He wants Canada to dismantle any trade barriers, such as supply management, that inconvenience the U.S. Simultaneously, he wants the U.S. to retain the right to erect trade barriers of its own.

Justin Trudeau's approach, so far, has been to make reasoned arguments on Canada's behalf. But, when dealing with Trump, Trudeau should abide by one overarching principle: the size of Trump's ego is inversely proportional to the size of his brain. The more you stroke his ego, the more his brain ceases to function.

This has become a case of personal -- not mutual -- advantage. Canadian trade policy should focus on taking advantage of a dim witted president and government. 

Image: News Corpse

Monday, April 24, 2017

With Whom He's Dealing



Michael Harris'  disenchantment with Justin Trudeau continues to grow. He is particularly bothered by Justin's attempt to soothe the Great Orange Id. He writes:

It is true that Trudeau has vowed to stand up for Canada and the values of this country. But one has to think that defending supply management and the dairy industry against the free trade wet dreams of the state of Wisconsin may not be a noble enough fight to satisfy his critics. What about Trump the bigot and hater — the guy whose own scientists are marching against him as our scientists did against Harper. After all, evolution is only a theory, right?

The political opposition is already smelling blood in the water on bigger files. NDP leader Thomas Mulcair has repeatedly demanded that Trudeau stand up directly and denounce Trump’s “racism and hatred” as embodied in his doomed travel ban directed at Muslims.

Trudeau’s supporters argue, with a degree of honesty and accuracy, that he needs to be careful because of the special economic relationship with America. But according to a poll done for the Globe and Mail, Canadians don’t have much use for the Donald. A majority wants Trudeau to stand up against the US president — even if it leads to a trade war.

Harris contends that what we are seeing is a schizophrenic Trudeau, who stands with a man who stands for the opposite of what the prime minister proclaims:

Trudeau banishes two of his own caucus members after they were accused of unwanted sexual encounters with two female MPs of another party. Trump champions both Roger Ailes and Bill O’Reilly, despite their long and sordid history of viewing women at Fox News as part of their star power perks packages.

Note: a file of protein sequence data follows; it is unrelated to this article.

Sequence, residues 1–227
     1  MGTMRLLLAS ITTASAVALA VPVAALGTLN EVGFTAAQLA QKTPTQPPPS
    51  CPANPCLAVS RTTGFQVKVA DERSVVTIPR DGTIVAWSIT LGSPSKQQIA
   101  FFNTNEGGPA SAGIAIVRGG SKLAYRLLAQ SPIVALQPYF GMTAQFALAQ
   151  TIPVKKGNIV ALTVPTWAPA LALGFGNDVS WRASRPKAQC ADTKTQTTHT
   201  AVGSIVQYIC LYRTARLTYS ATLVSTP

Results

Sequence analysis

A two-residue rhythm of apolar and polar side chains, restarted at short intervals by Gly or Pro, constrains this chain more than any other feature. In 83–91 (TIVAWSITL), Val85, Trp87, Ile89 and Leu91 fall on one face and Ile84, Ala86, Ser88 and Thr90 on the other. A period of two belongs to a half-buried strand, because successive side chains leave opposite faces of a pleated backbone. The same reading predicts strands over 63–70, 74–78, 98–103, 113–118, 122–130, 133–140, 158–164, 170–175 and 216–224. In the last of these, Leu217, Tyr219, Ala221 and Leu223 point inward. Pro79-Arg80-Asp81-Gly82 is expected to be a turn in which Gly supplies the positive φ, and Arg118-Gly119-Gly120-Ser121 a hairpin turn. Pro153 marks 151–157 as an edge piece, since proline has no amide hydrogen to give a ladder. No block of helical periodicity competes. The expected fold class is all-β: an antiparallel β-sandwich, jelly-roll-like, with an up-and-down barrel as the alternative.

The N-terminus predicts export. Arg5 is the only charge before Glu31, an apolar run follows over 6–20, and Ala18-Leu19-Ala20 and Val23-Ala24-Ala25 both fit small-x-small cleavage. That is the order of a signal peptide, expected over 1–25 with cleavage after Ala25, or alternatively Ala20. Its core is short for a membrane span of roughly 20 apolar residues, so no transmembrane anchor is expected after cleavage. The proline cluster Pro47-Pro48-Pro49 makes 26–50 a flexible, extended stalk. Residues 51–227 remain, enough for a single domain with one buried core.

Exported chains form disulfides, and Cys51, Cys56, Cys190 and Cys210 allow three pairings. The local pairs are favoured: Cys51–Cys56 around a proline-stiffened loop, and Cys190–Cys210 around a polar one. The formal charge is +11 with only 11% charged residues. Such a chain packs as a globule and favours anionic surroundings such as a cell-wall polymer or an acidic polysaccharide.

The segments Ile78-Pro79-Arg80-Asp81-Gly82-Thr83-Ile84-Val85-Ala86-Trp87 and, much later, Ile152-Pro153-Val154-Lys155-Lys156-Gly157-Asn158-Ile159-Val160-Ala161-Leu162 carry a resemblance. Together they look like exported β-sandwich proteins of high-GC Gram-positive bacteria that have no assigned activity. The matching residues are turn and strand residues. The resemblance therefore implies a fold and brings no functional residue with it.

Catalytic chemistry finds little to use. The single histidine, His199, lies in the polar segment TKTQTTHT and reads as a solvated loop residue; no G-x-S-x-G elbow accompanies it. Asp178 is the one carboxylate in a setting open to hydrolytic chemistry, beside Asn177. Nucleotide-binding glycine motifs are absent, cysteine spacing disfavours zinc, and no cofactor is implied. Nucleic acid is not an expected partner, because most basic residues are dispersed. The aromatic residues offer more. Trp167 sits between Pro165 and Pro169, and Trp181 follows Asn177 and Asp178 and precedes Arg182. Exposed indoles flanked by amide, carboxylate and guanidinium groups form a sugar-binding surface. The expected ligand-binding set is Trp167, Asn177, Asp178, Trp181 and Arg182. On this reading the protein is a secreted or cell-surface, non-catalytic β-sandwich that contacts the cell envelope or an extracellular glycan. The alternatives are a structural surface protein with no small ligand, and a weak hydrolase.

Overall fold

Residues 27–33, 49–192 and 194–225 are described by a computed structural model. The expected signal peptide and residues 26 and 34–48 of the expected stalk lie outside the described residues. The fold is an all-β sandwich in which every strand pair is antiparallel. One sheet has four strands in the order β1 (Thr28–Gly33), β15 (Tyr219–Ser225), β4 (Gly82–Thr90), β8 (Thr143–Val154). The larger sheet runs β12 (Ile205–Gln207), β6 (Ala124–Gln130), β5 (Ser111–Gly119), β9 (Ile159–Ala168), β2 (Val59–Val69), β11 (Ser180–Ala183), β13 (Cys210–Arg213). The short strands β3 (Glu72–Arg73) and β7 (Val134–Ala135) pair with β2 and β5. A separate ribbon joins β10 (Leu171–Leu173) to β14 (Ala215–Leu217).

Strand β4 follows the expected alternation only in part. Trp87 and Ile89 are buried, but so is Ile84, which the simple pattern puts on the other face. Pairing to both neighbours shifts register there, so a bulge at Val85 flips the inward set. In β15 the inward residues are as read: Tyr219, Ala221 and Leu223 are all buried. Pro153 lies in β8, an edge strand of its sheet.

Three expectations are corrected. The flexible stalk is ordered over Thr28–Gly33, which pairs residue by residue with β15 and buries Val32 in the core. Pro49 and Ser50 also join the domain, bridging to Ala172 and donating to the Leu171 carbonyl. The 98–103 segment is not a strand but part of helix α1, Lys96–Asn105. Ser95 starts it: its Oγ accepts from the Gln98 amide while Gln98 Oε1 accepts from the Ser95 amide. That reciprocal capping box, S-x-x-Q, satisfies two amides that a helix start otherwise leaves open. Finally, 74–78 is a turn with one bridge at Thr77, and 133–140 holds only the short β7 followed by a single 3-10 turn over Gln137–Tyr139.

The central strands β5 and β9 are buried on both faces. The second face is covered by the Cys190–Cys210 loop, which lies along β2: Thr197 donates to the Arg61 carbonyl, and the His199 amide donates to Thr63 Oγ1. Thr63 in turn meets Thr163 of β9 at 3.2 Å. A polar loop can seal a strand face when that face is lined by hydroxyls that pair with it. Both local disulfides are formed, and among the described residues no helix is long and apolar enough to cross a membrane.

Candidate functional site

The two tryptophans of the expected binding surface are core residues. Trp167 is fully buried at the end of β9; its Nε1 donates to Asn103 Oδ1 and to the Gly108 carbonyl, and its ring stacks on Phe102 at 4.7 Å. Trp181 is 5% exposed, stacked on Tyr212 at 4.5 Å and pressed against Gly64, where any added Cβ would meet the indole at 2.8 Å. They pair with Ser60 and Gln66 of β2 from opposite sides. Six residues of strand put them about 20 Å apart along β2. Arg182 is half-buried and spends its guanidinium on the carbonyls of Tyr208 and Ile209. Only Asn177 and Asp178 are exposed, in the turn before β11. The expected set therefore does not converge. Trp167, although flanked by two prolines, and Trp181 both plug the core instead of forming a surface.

Trudeau brought gender balance to his cabinet. Trump’s cabinet looks like a board meeting of the original members of Augusta National Golf Course. Trudeau brings Malala Yousafzai to Parliament Hill and gives her honorary Canadian citizenship. Trump defunds the global maternal health organization (the United Nations Population Fund), and fat shames ex-beauty queen Alicia Machado.

Trudeau proclaims his commitment to protecting the environment, while Trump cancels Obama’s climate change measures and appoints a man to head up the Environmental Protection Agency, Scott Pruitt, whose idea of celebrating Earth Day is re-opening a coal mine.

Dancing with the Donald only leads to disaster. Harris warns Trudeau that Trump " has no friends; just family members, hangers on, and patsies."

Justin should know with whom he's dealing.

Image: CBC

Sunday, April 23, 2017

He And They Are Insane


Yesterday, Donald Trump announced that he will hold a "BIG" rally to celebrate his first one hundred days in office. Henry Giroux writes that there is little to cheer about:

Rather than address climate change, the threat of nuclear war, galloping inequality, the elimination of public goods, Trump and his vicious acolytes have accelerated the threats faced by these growing dangers. Moreover, the authoritarian steam roller just keeps bulldozing through every social protection and policy put in place, however insufficient, in the last few years in order to benefit the poor, vulnerable, and the environment.

A neo-fascist politics of emotional brutality, militant bigotry, and social abandonment has reached new heights in the United States. Think about the Republican Party call to eliminate essential health benefits such as mental health coverage, guaranteed health insurance for people with pre-existing conditions, and the elimination of Meals on Wheels program that benefit the poor and elderly.

Trump's signature achievement -- if you can call it that -- has been to establish a culture of cruelty in the United States:

Under these circumstances, everyone is viewed as either a potential terrorist or narcissistic consumer making it easier for the Trump machine to elevate the use of force to the most venerable national ideal while opening up lucrative markets for defense and security industries and the growing private prison behemoth.

It's worth noting that the man Trump selected to fill the empty Supreme Court seat cast his first vote last week -- to execute a man in Arkansas.  And all the while,

the government propaganda machine has turned into a comic version of a failed Reality TV series. Witness the daily spectacle produced by the hapless Sean Spicer. Spicer dreams about and longs for the trappings of Orwell’s dystopia in which he would be able to use his position as a second rate Joseph Goebbels to produce, legitimate, and dictate lies rather than be in the uncomfortable scenario, in which he now finds himself, of having to defend endlessly Trump’s fabrications. For Spicer, the dream of the safety of Orwell’s dystopia has given way to the nightmare of him being reduced to the leading character in the Gong Show. Actually, maybe he is the confused front man for our stand-in-president who increasingly resembles the psychopath on steroids, Patrick Bateman, from the film, American Psycho—truly a symbol for our times.

Trump and his supporters are going to celebrate this? He and they are insane.

Image: Hollywood Reporter